(US/New Zealand - 2013)
Directed by Peter Jackson. Written by Fran Walsh, Philippa Boyens, Peter Jackson, Guillermo del Toro. Cast: Ian McKellen, Martin Freeman, Richard Armitage, Orlando Bloom, Benedict Cumberbatch, Luke Evans, Evangeline Lilly, Cate Blanchett, Lee Pace, Stephen Fry, Ken Stott, James Nesbitt, Aidan Turner, Sylvester McCoy, Graham McTavish, Jed Brophy, Mikael Persbrandt, Ryan Gage, Manu Bennett, Lawrence Makoare. (PG-13, 161 mins)
The second installment of Peter Jackson's HOBBIT trilogy is a no-expense-spared visual stunner, but again suffers from the bloat of Jackson and his writing team padding a 300-page book into what will amount to somewhere around nine hours of cinema. I'm not saying there's an etched-in-stone rule for film adaptations of books, but if you can read the book in less time than it takes to watch the movie, you might be overdoing it. Jackson was able to convey the entire epic LORD OF THE RINGS trilogy in three films, but the recurring--and justified--criticism of this latest venture is that The Hobbit is a comparatively smaller-scale, less grandiose novel, but it's still taking him three overlong films to tell the story thanks to the addition of material from Tolkien's The Silmarillion and Unfinished Tales. There's simply no reason other than the greed of getting fans to pay for three movies that this couldn't have been one three-hour film. This frequently becomes a problem when a visionary filmmaker unveils a game-changer and is then granted carte blanche to do whatever they want. He may not be the insufferable asshole that James Cameron is, but that doesn't make Jackson's self-indulgence any less problematic and off-putting.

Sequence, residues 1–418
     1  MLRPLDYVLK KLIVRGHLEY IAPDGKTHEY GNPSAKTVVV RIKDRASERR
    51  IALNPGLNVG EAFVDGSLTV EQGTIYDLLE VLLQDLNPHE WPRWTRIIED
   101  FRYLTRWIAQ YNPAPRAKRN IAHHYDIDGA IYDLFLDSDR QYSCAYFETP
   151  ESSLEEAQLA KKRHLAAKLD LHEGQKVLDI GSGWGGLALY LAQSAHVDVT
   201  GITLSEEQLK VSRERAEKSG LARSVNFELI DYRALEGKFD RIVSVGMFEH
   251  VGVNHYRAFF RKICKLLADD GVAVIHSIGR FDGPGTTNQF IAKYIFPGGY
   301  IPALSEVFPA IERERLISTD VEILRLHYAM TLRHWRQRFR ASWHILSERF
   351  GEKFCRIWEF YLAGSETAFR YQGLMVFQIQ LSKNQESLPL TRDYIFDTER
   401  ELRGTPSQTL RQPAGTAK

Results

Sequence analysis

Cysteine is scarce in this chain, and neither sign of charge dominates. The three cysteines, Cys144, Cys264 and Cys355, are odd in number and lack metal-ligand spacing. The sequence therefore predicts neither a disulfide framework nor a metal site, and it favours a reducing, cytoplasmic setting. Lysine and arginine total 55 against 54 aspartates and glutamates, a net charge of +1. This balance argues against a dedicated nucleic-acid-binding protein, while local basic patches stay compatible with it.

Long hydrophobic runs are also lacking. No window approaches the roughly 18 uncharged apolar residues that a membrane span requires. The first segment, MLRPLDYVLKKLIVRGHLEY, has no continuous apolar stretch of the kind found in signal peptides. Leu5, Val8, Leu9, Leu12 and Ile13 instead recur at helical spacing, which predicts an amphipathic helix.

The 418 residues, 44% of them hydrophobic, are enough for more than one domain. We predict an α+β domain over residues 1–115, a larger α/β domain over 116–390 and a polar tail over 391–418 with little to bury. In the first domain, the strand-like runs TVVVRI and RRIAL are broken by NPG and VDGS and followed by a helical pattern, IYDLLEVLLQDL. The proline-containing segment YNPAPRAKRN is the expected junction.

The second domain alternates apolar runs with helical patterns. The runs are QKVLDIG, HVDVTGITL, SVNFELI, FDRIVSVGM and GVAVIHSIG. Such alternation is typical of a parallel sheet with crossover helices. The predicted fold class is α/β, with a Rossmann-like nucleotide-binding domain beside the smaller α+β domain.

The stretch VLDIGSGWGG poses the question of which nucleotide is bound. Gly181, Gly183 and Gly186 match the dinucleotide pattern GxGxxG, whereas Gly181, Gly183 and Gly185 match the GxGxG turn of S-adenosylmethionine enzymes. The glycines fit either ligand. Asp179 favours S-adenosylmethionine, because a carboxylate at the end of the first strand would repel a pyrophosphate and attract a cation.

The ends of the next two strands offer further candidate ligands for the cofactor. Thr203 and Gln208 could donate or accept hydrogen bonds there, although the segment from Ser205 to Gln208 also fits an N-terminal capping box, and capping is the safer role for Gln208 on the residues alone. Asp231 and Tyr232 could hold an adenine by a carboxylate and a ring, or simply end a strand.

AN UNEXPECTED JOURNEY to make him look younger, though considering Legolas is already several hundred years old, it hardly seems necessary). Tauriel is a character completely invented by Jackson, and much time is devoted to her mutual crush on dwarf Kili (Aidan Turner), a subplot that the audience will find almost as irritating as Legolas does. So, it's not enough that he's bloating the novel into three films by incorporating material from other Tolkien works, but now he's creating additional characters and plotlines? Just adapt the book, Mr. Jackson. I'm no Tolkien purist and it's been years since I've read it, but you're fixing something that isn't broken.